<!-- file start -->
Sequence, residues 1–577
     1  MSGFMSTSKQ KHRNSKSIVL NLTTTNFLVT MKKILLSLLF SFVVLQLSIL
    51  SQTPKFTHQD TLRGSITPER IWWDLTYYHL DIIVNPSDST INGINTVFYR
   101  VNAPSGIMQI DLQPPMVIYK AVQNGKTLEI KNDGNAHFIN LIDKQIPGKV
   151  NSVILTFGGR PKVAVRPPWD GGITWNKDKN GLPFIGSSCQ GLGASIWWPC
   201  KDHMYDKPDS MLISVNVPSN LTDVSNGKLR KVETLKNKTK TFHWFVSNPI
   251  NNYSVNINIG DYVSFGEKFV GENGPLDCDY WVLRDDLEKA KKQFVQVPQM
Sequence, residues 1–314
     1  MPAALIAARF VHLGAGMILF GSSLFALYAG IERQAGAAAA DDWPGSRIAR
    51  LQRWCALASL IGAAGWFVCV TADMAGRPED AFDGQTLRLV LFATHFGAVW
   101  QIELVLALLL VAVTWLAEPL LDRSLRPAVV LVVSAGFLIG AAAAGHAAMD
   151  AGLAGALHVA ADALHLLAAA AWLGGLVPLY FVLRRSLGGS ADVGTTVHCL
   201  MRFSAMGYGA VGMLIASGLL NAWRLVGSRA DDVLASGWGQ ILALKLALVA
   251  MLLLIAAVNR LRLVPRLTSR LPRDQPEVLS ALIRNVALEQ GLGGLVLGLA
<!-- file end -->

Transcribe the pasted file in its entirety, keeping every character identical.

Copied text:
Sequence, residues 1–577
     1  MSGFMSTSKQ KHRNSKSIVL NLTTTNFLVT MKKILLSLLF SFVVLQLSIL
    51  SQTPKFTHQD TLRGSITPER IWWDLTYYHL DIIVNPSDST INGINTVFYR
   101  VNAPSGIMQI DLQPPMVIYK AVQNGKTLEI KNDGNAHFIN LIDKQIPGKV
   151  NSVILTFGGR PKVAVRPPWD GGITWNKDKN GLPFIGSSCQ GLGASIWWPC
   201  KDHMYDKPDS MLISVNVPSN LTDVSNGKLR KVETLKNKTK TFHWFVSNPI
   251  NNYSVNINIG DYVSFGEKFV GENGPLDCDY WVLRDDLEKA KKQFVQVPQM
Sequence, residues 1–314
     1  MPAALIAARF VHLGAGMILF GSSLFALYAG IERQAGAAAA DDWPGSRIAR
    51  LQRWCALASL IGAAGWFVCV TADMAGRPED AFDGQTLRLV LFATHFGAVW
   101  QIELVLALLL VAVTWLAEPL LDRSLRPAVV LVVSAGFLIG AAAAGHAAMD
   151  AGLAGALHVA ADALHLLAAA AWLGGLVPLY FVLRRSLGGS ADVGTTVHCL
   201  MRFSAMGYGA VGMLIASGLL NAWRLVGSRA DDVLASGWGQ ILALKLALVA
   251  MLLLIAAVNR LRLVPRLTSR LPRDQPEVLS ALIRNVALEQ GLGGLVLGLA